French purveyors of street culture have always held their heads high with the knowledge that whatever they rock is done so with impeccable style and vision. Parisian tastemakers La MJC along with Colette and their sister online store Sold Out have created this double header of ASICS, with only 100 pairs of both styles available worldwide in December! But don’t get it twisted, as Michael Dupouy at La MJC explains, this collection is not about hype or keeping to where the market is right now, it’s simply a natural extension of his childhood nostalgia. Read on to find out more!
Can you explain a little how Colette, Sold Out and La MJC all relate to one another?
It's easy. Sold Out is a website created by La MJC for Colette. It is strictly dedicated to street culture products. Sold Out is a selection of products at Colette by La MJC. Since the reopening of the physical store, Sold Out is now integrated into the Colette website, representing its 'street' section.
Ok, now we understand. Tell us about the new project with ASICS? There are three shoes in total right?
Yes, three shoes. The idea was to represent the relationship between Colette and La MJC, which are now close partners for designing creative products for street culture addicts. The project used the simple formula: Colette + La MJC = Sold Out. We tried to make this algebraic equation a tactile concept by having each individual sneaker bear the signature of the store, the agency or the website. The first chapter in this three part series was the Saiko Runner x Colette, released in September 2008. Chapter Two is the Gel Lyte III x La MJC and Chapter Three is the GT-II x Sold Out.
Who designed the shoes?
Sarah from Colette designed the Saiko Runner. I designed the others...
How did you approach the process?
The challenge was quite difficult considering that there have been many good versions of the GT II and Gel Lyte III produced lately. For example, Patta did the best sneaker of 2007 with their take on the Gel Lyte III. My idea for the La MJC Gel Lyte III was to pay tribute to the late '80s/ early '90s performance running shoes I grew up with. They were full of vibrant colors. This may have been a bit of a risky design choice for 2008, as the trend was clearly back to basics with bold and simple colors. But that's why the Sold Out GT II is more accessible and easy to wear. I think both pairs have a good balance to attract different kinds of sneaker lovers. And thanks to ASICS, the shoes come with cool gifts, which make the products more appealing.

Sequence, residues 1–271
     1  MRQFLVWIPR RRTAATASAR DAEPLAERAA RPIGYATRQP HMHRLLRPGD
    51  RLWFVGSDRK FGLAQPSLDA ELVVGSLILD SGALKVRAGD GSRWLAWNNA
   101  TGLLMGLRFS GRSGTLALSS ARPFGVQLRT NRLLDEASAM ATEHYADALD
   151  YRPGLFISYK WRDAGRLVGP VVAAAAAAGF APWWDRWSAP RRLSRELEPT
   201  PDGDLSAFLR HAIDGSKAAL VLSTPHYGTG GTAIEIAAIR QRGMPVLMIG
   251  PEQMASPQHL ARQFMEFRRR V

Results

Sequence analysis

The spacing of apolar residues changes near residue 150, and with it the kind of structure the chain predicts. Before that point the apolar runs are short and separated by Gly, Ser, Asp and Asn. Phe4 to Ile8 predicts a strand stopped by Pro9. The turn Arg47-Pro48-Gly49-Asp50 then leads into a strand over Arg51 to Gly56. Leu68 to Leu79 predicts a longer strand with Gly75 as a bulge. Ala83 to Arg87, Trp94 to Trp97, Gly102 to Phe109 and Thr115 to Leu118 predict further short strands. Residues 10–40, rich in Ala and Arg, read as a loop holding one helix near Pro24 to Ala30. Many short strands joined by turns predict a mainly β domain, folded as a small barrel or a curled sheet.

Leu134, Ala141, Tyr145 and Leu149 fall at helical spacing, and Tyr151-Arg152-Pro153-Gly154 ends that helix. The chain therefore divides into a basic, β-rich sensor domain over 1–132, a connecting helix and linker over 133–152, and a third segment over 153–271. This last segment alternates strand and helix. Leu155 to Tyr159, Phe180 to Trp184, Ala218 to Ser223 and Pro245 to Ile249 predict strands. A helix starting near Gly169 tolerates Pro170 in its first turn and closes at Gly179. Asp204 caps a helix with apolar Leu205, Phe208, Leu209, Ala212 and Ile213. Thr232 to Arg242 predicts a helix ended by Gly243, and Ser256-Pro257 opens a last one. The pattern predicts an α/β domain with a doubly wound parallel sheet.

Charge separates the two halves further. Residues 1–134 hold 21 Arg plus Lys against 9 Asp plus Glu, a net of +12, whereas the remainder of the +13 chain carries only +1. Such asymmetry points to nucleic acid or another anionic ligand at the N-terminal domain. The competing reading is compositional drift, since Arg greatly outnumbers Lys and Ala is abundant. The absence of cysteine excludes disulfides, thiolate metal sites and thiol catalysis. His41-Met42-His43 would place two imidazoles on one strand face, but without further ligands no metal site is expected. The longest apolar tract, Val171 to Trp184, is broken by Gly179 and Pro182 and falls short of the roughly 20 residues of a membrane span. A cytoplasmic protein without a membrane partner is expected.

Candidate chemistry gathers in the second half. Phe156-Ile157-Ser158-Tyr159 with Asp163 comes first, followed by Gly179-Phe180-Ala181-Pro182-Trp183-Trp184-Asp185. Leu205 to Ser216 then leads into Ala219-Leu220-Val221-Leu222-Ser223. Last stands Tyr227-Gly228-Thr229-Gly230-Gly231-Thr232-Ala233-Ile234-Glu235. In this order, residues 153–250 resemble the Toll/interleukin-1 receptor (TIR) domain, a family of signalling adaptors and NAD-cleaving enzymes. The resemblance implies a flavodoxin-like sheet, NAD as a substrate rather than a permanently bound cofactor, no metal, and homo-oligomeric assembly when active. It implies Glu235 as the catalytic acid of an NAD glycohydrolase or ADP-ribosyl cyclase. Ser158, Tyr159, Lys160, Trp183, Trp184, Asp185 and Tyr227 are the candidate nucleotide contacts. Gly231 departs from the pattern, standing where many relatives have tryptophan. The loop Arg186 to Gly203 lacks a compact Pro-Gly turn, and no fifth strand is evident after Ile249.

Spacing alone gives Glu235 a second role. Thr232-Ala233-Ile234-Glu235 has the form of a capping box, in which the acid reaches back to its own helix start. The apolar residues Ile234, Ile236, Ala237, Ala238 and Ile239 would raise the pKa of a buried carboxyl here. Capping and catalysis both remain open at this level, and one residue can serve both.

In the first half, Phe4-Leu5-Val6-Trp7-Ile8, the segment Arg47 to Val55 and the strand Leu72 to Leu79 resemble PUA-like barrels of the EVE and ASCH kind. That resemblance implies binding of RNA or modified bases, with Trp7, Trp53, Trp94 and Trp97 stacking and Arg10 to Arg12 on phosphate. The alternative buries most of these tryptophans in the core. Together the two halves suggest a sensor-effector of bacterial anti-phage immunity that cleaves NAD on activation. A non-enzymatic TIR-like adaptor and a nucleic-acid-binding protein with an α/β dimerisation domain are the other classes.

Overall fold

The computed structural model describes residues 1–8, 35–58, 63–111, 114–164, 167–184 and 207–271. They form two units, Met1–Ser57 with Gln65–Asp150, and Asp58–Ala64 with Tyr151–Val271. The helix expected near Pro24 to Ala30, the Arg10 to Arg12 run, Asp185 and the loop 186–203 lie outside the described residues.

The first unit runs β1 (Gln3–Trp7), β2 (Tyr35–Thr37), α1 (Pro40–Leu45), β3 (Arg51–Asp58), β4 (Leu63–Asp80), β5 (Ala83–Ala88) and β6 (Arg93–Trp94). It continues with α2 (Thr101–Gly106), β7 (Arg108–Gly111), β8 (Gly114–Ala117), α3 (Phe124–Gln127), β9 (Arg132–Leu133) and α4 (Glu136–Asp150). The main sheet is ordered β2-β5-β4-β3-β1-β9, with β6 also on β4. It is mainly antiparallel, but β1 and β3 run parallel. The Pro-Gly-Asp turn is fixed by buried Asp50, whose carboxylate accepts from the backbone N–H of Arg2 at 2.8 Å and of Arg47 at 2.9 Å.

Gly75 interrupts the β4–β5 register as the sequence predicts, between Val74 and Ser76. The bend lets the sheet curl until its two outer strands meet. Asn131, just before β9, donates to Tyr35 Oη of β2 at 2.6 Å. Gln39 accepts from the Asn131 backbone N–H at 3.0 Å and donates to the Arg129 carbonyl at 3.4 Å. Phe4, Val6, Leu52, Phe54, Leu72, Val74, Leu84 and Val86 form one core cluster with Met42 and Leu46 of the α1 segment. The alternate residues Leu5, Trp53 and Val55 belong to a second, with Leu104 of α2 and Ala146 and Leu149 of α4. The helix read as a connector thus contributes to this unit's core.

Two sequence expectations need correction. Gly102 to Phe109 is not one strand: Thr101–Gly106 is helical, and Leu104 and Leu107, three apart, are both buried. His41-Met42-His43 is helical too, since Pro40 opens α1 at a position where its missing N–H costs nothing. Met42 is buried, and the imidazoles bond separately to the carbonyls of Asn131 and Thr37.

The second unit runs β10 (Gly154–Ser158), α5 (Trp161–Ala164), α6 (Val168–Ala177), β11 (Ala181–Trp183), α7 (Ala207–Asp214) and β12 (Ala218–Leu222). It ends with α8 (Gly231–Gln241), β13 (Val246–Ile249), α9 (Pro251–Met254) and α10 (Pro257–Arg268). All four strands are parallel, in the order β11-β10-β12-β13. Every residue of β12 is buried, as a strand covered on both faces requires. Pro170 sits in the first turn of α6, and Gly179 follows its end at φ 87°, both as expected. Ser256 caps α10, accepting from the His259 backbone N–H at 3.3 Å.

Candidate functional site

Nice scarf... where did you get the idea?
Thanks. The idea came when ASICS informed us about the release date. December is freezing here! So creating a scarf made sense. We wanted to protect sneaker freakers' necks! Another little anecdote: the release date coincides with my birthday.
Well happy birthday... The Gel Lyte III has some nice fruity colour but still looks like a vintage runner (ok, a little bit). How did you see the use of colour changing over the last year or so?
As I previously mentioned, the Gel Lyte III doesn't follow the 2008 trend. People want basics and simple things this year, probably because they are bored with the 'color invasion' during the past two years. I started designing the shoes about fifteen months before their release. And I still like them as they remind me of a period for which I'm nostalgic.
Are you happy that the shoes will not be released outside of Colette, Patta and Solebox? Isn't it nice for other people to be able to get the shoes?
Yes and no. It's always cool to manage your own distribution when you create a special product. Also, considering we did three different styles of only 100 pairs each, Sarah and I decided along with the ASICS people to offer it exclusively to the people whom we are close to in Europe. Patta and Solebox are doing really great things. I respect them a lot and am happy to see my shoes in their stores. When you produce limited quantities, it's complicated to have a larger distribution. Anyway, people overseas will have the opportunity to buy them at Sold Out and at Patta and Solebox's webstores.
A while back it seemed like trends were globally consistent... Do you think style is changing between Europe, Asia and America?
Not so much. Of course, there's still a bit of a difference but trends and style are global nowadays. For example, people can easily recognize that I'm French when I'm in the US. Although I think my accent may give me away before my style does!
And finally, what was your favorite sneaker of the year?
Difficult question. I would say mine of course. But to be honest, my favorite was not hype at all. It's a sport shoe called Nike Everyday+ with a nice infrared colorway. It's reminiscent of the beginning of sneaker culture, where you would go to a sports store, choose the model you wanted, and just add your own touch to make them perfect in the streets. There were no limited numbers, no resale value, no market, no selective distribution. They were just nice sneakers with a new design and they were comfortable as ever. I believe in performance shoes. All the legends come from that basic idea. To me, sneakers first and foremost serve a sports function. Stop thinking about fashion when you think about sneakers. Those two words will never get along.